- Whale Rider:
- Played with for Hemi — he is overjoyed when his father, freshly out of prison, comes to see him perform the chant he's learned. But then the dad leaves immediately after Hemi's part, not stopping to spend any more time with his son.
- Paikea is heartbroken when her grandfather doesn't show up to hear her speech. That she wrote for him. It turns out he had a good excuse (he had been on his way to the presentation, but found a whale beached and stopped to help it), but she doesn't know that; given his recent behavior, she (reasonably enough) concludes that he just didn't care enough to show up.
- In i am sam, Lucy is heartbroken when her father doesn't show up for visiting day at her foster family; Sam was too guilt-ridden to bear to even see her at first, but with the help of his lawyer Rita, he gets the courage to come the day after.
- A recurring plot point in What Maisie Knew (2012), where both the biological father and the mother are continuously missing their pick up days for Maisie because they were tied up with work.
- In Heat, the father of Natalie Portman's character was supposed to pick her up for the day but never came, which contributes to her attempted suicide.
- In Train to Busan, the main character is a busy divorced father who lives with his mother and young daughter, who his mother mostly takes care of while he's at work. At the beginning of the movie, he missed his daughter's singing performance of "Aloha Oe" and sees in the video that his mother recorded that she stopped mid-song. When he asks his daughter about it, she gives him the cold shoulder and doesn't tell him, but she later tells him that she stopped because she realized her dad wasn't there.
- The film adaptation of The Spiderwick Chronicles has Jared continually think that his divorced father is going to come and see them in their new house, while in every phone call the father makes up an excuse as to why he has to quickly hang up while saying he'll tell Jared something important later. Later, during a lull in the final battle, his mother and older sister reveal that he won't be coming because he found another woman and has completely cut his old family out of his life. Turns into a Secret Test of Character later on when his dad does show up... but is actually the Big Bad in disguise. Jared uses what his mom and sister told him to see if it's really his dad by asking what he wanted to tell him on the phone.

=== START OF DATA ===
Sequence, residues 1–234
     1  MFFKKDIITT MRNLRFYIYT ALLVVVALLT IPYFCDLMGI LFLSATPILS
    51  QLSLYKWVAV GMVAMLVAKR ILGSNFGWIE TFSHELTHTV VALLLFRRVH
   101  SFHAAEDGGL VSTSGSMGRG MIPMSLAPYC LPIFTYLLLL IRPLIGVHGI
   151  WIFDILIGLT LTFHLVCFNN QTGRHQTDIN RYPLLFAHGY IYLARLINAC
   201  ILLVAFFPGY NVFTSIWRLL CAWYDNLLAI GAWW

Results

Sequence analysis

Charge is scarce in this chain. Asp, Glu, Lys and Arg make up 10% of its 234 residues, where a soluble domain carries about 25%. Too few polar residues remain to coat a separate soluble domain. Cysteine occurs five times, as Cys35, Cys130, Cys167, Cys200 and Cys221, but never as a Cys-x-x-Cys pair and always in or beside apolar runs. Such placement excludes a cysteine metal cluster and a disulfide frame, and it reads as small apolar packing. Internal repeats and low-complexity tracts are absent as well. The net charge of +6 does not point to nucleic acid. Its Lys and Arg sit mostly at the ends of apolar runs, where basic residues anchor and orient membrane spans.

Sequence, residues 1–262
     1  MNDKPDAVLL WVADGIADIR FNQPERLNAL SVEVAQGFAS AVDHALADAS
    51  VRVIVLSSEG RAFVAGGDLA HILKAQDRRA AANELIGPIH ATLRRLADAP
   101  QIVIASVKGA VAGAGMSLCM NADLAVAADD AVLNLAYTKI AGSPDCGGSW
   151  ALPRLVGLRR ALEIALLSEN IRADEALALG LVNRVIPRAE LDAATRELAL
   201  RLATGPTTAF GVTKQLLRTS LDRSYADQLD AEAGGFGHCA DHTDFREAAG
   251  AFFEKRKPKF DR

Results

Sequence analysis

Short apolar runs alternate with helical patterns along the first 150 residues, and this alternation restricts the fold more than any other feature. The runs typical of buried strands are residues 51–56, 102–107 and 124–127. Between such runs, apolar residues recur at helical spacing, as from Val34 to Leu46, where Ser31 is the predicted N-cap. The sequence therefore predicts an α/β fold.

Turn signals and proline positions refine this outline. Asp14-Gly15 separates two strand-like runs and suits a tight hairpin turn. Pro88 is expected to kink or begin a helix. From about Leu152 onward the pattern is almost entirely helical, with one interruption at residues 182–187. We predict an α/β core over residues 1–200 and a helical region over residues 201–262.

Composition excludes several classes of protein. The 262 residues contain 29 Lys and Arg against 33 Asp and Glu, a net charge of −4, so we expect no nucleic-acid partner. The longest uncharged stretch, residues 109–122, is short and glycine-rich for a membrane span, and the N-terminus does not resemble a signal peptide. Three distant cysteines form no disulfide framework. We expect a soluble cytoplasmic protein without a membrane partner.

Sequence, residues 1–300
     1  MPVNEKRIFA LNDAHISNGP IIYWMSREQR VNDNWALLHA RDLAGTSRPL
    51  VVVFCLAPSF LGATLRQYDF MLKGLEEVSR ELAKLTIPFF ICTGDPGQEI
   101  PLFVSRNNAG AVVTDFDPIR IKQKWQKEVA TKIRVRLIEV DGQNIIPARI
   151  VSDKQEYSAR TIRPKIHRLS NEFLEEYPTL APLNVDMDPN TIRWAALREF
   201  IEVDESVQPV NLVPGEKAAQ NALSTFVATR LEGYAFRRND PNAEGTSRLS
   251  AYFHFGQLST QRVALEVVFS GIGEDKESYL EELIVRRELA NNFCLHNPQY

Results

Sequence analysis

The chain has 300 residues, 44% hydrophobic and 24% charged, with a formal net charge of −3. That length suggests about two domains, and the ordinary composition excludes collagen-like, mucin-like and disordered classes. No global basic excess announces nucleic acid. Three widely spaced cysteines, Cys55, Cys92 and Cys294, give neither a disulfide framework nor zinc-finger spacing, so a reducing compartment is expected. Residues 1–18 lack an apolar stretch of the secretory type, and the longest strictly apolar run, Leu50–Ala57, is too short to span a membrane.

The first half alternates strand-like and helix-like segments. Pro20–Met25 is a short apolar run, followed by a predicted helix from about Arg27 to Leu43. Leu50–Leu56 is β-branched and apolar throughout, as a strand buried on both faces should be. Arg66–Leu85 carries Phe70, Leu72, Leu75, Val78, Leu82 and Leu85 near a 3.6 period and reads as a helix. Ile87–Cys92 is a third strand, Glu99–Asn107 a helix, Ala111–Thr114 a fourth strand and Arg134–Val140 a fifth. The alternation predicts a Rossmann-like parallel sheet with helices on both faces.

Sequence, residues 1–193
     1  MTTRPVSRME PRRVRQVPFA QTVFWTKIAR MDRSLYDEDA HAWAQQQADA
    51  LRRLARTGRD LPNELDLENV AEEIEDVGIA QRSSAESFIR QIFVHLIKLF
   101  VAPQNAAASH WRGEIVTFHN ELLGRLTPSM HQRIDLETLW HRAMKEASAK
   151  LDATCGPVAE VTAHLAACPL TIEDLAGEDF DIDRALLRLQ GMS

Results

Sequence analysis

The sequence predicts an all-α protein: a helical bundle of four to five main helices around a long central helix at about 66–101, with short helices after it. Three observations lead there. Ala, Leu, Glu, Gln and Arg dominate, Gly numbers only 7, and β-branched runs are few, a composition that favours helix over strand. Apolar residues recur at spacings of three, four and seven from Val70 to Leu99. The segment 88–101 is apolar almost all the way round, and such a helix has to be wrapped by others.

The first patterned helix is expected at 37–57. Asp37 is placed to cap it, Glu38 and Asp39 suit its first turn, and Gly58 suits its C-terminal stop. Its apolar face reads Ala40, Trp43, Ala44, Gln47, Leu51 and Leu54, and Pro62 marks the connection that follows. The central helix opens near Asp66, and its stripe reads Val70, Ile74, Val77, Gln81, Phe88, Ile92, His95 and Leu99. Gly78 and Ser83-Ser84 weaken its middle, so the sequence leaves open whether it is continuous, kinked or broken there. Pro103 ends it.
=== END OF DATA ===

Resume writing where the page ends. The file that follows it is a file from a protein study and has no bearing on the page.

- The Silence of Adultery: Paul is this at first, as he's Married to the Job as a building contractor. Later Rachel develops the same problem as she starts putting more time and energy into her affair with Michael. Once she forgets to pick up Livy from school; Livy is terrified, thinking she died in a car accident.
- David's Mother: In a flashback, Susan complains about the fact that Sally missed her play because the babysitter canceled and she didn't want to leave David alone.
- In Zack Snyder's Justice League, Victor Stone was an academic football athlete before the accident that killed his mother Elinore and crippled him. He scored an important victory for his team, Gotham City University, but he was disappointed that his father Silas didn't attend it unlike his very supportive mother, among other things that added onto his and Silas' strained relationship. It's actually an argument with his mother over this in their car that caused the accident when coming back from this match.